Citizen Science

Spring is prime time for citizen scientists, also called "community scientists," to get involved with helping to gather data for research about our natural world and more. Even with public health and social distancing in mind, many opportunities to contribute to citizen science projects exist all across Maine, and globally as well. We’ll learn what they are, and how to participate.

Isaac Merson

In coordination with the Nature/PBS series “American Spring LIVE” (airing April 29, 30 and May 1) and Maine Public's tie-in event at the Gisland Farm Audubon Center on April 27, our Maine Calling will highlight nature appreciation, phenology, science education and citizen science, and we’ll ask callers to share what signs of spring they look for in their part of the state and how they are getting involved with their natural surroundings.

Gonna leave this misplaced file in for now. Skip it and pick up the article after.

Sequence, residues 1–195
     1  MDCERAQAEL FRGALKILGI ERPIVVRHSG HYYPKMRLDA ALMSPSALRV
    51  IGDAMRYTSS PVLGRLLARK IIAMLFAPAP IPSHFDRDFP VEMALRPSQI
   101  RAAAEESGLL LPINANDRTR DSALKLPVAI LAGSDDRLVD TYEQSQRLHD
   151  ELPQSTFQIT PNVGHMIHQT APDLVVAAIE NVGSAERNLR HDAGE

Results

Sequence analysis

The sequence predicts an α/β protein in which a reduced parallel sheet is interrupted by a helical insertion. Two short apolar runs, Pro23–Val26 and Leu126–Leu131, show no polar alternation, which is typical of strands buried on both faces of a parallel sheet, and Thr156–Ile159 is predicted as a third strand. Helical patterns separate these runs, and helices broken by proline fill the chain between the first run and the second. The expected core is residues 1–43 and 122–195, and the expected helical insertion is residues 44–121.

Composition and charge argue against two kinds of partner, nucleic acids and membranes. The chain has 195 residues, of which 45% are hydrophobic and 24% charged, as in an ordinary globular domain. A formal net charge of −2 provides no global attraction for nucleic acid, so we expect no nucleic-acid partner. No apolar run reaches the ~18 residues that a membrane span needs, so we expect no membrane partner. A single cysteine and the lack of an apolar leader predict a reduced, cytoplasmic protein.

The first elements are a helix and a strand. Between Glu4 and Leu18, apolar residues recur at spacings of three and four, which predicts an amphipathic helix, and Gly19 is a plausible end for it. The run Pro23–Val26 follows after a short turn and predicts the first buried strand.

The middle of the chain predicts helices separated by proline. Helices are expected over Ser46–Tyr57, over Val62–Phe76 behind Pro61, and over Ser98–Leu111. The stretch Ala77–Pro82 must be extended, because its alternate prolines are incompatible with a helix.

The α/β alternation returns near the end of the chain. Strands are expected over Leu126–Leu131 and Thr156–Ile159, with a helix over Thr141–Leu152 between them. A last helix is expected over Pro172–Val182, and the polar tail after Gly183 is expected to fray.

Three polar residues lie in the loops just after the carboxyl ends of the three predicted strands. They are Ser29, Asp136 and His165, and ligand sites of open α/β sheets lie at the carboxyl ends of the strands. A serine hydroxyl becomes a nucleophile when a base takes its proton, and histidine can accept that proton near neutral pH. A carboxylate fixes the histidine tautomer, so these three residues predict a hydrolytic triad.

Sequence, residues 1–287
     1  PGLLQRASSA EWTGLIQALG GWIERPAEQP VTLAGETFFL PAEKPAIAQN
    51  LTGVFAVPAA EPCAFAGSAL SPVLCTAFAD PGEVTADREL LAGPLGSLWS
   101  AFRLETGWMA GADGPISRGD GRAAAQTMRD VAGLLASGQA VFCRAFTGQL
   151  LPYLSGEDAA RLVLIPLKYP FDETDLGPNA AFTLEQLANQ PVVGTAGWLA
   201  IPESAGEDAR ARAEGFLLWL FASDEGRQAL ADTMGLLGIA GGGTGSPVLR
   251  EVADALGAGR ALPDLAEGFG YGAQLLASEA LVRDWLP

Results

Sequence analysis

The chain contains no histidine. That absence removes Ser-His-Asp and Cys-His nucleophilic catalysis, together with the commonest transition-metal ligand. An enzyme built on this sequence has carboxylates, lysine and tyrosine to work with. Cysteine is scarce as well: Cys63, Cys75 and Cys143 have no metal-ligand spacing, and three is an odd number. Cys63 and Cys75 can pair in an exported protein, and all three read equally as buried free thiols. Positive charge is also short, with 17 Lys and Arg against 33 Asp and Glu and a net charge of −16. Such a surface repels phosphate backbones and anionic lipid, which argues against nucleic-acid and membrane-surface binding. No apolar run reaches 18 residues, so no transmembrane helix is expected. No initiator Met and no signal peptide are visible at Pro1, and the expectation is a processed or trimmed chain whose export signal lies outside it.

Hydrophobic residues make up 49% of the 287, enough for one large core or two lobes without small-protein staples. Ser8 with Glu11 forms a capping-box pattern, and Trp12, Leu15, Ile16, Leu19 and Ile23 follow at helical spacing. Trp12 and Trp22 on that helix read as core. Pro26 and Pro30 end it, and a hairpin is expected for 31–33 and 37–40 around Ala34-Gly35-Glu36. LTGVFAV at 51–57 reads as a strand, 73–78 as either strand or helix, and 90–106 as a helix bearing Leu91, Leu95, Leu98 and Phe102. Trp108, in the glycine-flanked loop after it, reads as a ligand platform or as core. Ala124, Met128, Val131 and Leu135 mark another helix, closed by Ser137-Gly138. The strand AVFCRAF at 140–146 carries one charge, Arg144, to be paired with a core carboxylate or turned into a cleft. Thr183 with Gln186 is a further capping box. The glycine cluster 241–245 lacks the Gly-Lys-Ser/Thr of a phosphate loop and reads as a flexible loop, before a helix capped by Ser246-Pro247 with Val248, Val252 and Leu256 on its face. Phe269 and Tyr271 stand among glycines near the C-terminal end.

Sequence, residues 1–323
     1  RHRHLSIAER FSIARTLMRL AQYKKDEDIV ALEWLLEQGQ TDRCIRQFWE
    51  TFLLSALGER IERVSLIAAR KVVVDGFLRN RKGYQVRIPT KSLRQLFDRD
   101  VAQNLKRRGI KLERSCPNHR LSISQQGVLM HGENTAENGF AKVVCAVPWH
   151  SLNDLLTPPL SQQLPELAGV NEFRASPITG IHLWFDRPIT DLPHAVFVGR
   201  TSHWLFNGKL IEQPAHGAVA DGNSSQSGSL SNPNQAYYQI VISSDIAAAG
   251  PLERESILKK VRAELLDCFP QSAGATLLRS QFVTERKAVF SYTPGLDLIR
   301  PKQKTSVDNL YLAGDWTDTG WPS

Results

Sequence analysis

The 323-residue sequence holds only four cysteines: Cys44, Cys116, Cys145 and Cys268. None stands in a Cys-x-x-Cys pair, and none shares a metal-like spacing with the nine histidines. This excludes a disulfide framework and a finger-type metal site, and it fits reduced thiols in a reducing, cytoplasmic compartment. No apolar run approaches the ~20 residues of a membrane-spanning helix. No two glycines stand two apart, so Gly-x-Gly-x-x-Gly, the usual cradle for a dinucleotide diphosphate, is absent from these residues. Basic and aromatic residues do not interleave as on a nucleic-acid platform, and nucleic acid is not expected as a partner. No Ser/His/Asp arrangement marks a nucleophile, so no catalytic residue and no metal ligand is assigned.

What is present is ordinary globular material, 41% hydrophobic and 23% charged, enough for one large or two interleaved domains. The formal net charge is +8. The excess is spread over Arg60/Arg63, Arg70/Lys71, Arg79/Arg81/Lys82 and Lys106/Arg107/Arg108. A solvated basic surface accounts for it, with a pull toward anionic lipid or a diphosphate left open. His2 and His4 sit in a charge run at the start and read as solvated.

Citizen Science

Jul 15, 2016

Throughout Maine, volunteers contribute legwork and observations for citizen science projects. These citizen scientists gather valuable data on wildlife, water quality, climate change and more.


Karen Wilson, Associate Research Professor, Department of Environmental Science and Policy, University of Southern Maine

Susan Gallo, Maine Audubon wildlife biologist

Esperanza Stancioff, Extension Educator, University of Maine Cooperative Extension & Maine Sea Grant